“Mr. Wojcik, I’m sorry,” I said, trying to imitate remorse. Really, I was feeling massively hungover and slightly pissed off that I was there in the first place. We were supposed to be closed on the night before Thanksgiving. 

But six hours ago, I’d received a rushed voicemail with plenty of Polish phrases that I didn’t recognize, along with some classic American curses that seem to be part of every American boss’s vocabulary. I’d also heard the words I’d been dreading the night before: You must come in, we must work.

Unfortunately for me, I’d spent Thanksgiving Eve’s Eve drinking heavily with friends to celebrate the birth of Turkey Jesus, mistakenly believing that I’d have a rare full night’s sleep to mitigate any chaos I could inflict on my liver.

That had not been the case. At around 7 in the morning, I’d heard the message and rushed in, running my head under the tap in lieu of a shower and stuffing down some Alka-Seltzer and Gatorade on the way over. I wasn’t late, and for a few hours, I thought that I’d miraculously avoided the entirely predictable consequences of my actions.

But at Wojcik’s, we work 14-hour shifts, and that’s if you don’t count breaks or the time spent locking up (Mr. Wocjik didn’t). As the day went on, I realized that I hadn’t avoided a hangover; I’d gone to work while still slightly drunk. Around noon, the nausea set in. Around 2:00 in the afternoon, my head was aching. And at 7:00 p.m., I was feeling so goddamn fatigued that I dropped six jars of mayonnaise. 

No, that’s not a euphemism. 

“This stuff, it’s not growing on fucking trees!” Mr. Wojcik said, tenderly holding up a fragment of a mayonnaise jar.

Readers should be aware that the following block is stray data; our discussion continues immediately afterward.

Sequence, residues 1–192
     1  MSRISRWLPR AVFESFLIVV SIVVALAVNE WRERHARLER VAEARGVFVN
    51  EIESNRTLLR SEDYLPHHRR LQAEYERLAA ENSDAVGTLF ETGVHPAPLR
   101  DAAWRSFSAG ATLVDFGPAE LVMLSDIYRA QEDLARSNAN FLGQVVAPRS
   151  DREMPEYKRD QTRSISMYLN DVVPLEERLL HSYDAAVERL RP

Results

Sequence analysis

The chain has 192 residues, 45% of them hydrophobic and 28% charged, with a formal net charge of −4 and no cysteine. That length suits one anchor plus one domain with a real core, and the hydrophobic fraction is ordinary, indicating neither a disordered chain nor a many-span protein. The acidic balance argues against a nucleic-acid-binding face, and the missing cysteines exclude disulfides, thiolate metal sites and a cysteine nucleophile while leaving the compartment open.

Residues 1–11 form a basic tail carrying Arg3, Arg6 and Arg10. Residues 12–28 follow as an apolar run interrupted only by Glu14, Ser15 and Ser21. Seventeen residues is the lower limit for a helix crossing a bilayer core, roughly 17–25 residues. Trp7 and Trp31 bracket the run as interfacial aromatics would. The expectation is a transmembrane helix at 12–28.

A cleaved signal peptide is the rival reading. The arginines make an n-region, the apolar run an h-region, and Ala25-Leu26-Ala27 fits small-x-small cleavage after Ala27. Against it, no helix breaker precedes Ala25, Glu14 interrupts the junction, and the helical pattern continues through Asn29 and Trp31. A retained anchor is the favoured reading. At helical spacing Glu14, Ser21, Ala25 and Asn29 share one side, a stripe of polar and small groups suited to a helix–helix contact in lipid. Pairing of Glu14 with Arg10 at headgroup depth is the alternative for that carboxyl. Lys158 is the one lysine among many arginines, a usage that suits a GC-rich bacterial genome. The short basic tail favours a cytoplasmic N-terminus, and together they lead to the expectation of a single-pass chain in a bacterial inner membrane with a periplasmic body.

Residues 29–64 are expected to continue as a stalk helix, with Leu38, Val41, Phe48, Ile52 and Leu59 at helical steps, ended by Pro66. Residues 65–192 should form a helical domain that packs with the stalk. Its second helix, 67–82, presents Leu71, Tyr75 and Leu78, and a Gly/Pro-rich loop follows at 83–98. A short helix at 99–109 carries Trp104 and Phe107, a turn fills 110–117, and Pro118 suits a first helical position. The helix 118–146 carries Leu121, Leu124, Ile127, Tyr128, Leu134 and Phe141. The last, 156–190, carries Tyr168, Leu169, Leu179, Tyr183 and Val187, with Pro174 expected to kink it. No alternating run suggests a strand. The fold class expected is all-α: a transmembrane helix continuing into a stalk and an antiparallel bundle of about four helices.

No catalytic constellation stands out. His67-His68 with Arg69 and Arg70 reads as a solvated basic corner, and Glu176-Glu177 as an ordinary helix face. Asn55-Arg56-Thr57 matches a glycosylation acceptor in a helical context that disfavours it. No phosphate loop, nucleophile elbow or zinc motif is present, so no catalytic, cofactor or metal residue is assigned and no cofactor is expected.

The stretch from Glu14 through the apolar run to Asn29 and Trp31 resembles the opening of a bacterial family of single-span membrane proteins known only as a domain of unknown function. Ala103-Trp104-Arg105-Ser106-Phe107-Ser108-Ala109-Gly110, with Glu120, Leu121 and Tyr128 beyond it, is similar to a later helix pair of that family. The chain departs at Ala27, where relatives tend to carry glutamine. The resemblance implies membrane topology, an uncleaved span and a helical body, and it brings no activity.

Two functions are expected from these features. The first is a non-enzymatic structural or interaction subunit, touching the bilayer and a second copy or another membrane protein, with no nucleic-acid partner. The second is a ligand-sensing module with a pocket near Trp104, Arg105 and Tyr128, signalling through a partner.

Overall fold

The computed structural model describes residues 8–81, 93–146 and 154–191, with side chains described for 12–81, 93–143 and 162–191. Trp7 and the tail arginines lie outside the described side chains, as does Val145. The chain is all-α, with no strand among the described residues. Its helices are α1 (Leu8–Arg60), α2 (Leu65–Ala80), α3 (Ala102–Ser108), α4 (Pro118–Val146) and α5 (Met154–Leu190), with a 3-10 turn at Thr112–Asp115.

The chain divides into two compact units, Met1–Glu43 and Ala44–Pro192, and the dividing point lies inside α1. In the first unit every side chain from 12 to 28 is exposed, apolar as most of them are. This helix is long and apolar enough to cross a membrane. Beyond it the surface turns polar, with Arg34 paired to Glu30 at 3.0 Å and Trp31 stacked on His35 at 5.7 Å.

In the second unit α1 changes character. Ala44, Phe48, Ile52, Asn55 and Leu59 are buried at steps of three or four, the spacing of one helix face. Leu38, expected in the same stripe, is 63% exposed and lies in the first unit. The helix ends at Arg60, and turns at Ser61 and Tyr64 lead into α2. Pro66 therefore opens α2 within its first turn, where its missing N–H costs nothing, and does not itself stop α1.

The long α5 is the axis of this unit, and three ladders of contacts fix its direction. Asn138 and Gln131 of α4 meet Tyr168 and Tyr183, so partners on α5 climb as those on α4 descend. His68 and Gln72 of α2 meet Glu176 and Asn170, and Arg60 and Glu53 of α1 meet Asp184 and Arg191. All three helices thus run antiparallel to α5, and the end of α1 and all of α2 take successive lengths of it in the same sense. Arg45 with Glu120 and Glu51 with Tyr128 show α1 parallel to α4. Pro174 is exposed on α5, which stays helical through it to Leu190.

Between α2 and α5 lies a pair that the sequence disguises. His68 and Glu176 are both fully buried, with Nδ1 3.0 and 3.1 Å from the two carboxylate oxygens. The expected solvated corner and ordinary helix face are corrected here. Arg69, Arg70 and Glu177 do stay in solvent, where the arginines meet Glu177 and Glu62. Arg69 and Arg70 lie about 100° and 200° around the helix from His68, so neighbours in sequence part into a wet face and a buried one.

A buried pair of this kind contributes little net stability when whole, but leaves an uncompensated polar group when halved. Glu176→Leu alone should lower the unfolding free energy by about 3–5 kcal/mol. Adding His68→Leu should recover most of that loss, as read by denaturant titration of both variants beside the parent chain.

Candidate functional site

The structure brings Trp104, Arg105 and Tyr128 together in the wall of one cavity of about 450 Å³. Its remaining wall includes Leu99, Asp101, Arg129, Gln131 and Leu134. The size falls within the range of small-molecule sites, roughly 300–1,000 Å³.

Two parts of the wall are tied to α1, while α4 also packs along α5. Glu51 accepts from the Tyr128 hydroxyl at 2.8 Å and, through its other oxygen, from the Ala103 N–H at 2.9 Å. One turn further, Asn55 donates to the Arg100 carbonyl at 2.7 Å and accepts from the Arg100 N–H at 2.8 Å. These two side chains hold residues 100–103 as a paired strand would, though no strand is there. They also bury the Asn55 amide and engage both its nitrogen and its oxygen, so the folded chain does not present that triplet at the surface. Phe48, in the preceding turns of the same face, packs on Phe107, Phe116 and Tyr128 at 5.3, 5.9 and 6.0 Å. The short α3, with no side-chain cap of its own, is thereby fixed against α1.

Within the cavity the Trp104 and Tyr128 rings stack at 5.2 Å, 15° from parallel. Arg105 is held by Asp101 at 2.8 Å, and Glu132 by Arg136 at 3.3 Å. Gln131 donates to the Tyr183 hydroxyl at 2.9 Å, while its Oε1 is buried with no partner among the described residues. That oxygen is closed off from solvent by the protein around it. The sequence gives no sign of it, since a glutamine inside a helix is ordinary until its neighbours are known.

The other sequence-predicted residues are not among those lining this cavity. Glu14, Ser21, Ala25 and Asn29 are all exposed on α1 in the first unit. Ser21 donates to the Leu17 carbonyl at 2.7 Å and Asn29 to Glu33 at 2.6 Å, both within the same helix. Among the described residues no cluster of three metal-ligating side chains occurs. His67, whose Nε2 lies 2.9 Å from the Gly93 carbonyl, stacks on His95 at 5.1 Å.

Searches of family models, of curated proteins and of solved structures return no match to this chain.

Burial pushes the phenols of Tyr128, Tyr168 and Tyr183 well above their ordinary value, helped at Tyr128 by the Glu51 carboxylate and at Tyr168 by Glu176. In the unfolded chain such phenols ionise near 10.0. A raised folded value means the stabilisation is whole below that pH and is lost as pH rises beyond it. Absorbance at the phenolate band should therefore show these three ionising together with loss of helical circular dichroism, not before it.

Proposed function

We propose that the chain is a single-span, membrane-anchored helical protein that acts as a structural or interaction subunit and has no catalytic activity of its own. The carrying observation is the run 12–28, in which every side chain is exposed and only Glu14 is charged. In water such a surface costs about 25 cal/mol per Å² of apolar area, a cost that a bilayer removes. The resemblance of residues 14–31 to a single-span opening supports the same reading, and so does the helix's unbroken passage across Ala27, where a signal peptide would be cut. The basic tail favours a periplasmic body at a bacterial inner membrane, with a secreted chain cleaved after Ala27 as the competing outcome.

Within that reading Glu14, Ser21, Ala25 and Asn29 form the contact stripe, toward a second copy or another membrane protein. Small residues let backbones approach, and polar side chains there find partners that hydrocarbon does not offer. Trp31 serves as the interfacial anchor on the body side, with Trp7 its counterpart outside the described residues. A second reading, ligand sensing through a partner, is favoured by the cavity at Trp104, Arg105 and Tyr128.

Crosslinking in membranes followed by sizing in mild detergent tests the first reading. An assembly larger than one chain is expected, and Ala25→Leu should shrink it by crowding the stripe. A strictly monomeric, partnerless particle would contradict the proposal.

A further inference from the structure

“Yeah, I know. I think it’s…eggs and cows?” I said, scratching the back of my neck. “Is that right?”

He tut-tutted, shaking his head. He looked near tears, as if the mayo was an infant that I’d just curb-stomped in the middle of the aisle.

“To you, this is your big joke,” he said. “To me, it’s my business. And to you, it should be your business, too!”

I immediately felt actual remorse, and not just from the seven or eight Jagermeister shots that were still working their way through my system. Mr. Wojcik wasn’t some sort of cruel corporate overlord. He was a good man, if a bit stingy and verbally abusive (and hey, who isn’t during the holidays?). 

My days there weren’t easy, but my boss was always fair and occasionally generous. I was making $11.00 an hour. That might not sound like much, but I knew more than he could afford. The store wasn’t doing well lately, not since Wal-Mart had put one of its bloated blue eyesores at the end of the block. 

I also knew he’d taken no pleasure in pulling me out of my hangover bed on this, the holiest of turkey-related pre-holidays. Yet here I was, standing hungover in a pool of mayonnaise and insulting him.

“I know, I am sorry,” I said. “I really am. It’s just…”

“You have the hangover,” he said, stumbling a bit over the last word so that it sounded more like hamover. Damn. I thought I’d been hiding it pretty well.

“Yes,” I said. “But in my defense, I got really drunk.”

“And this is okay, Andrews,” Mr. Wojcik said, his tone softening. “Everyone gets drunk, every single day.”

That wasn’t exactly true, but I wasn’t going to step on this heartfelt moment.

”I know you did not want to work today, and I did not either,“ he continued. He looked down at the jar fragment and watched a thick drop of mayo drop onto the floor. “But we are here now, are we not?”


“And so we must work.”

“Makes sense to me.”

He patted me on the shoulder.

“You know you are a skurwysyn, yes?”

That was another one I knew: skurwysyn is, roughly, “my close friend who is more like a son and capable of amazing things.”

Just kidding. It’s “son of a whore.”

“Yep, I know,” I said, idly wondering whether I could pass off mayonnaise stains as part of the shoe design.

He smiled, then gave me another pat.

“Tonight, you can have many good beers. Maybe drink seven.” He shot out a quick forced laugh. I wasn’t sure whether he’d told a joke that translated poorly or if he was still overcome with condiment grief. “And I tell you this right now: I will run the store tomorrow. You stay home all day.”